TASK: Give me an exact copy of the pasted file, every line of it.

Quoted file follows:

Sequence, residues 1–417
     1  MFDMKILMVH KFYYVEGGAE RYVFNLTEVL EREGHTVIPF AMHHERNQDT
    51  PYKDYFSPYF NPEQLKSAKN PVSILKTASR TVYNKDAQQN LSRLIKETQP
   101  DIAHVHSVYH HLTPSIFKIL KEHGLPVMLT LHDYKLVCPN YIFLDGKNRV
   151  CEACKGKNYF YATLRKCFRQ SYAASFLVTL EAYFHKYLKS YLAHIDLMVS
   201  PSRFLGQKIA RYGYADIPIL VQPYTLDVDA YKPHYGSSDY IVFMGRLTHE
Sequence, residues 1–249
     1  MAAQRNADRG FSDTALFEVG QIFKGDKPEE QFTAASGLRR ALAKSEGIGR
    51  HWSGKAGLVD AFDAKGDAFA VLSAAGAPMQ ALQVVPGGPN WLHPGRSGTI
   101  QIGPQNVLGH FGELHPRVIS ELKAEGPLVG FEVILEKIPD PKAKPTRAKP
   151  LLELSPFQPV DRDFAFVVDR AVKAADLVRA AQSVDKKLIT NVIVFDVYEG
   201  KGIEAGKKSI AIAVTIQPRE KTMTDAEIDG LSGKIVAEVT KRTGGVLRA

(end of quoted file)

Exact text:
Sequence, residues 1–417
     1  MFDMKILMVH KFYYVEGGAE RYVFNLTEVL EREGHTVIPF AMHHERNQDT
    51  PYKDYFSPYF NPEQLKSAKN PVSILKTASR TVYNKDAQQN LSRLIKETQP
   101  DIAHVHSVYH HLTPSIFKIL KEHGLPVMLT LHDYKLVCPN YIFLDGKNRV
   151  CEACKGKNYF YATLRKCFRQ SYAASFLVTL EAYFHKYLKS YLAHIDLMVS
   201  PSRFLGQKIA RYGYADIPIL VQPYTLDVDA YKPHYGSSDY IVFMGRLTHE
Sequence, residues 1–249
     1  MAAQRNADRG FSDTALFEVG QIFKGDKPEE QFTAASGLRR ALAKSEGIGR
    51  HWSGKAGLVD AFDAKGDAFA VLSAAGAPMQ ALQVVPGGPN WLHPGRSGTI
   101  QIGPQNVLGH FGELHPRVIS ELKAEGPLVG FEVILEKIPD PKAKPTRAKP
   151  LLELSPFQPV DRDFAFVVDR AVKAADLVRA AQSVDKKLIT NVIVFDVYEG
   201  KGIEAGKKSI AIAVTIQPRE KTMTDAEIDG LSGKIVAEVT KRTGGVLRA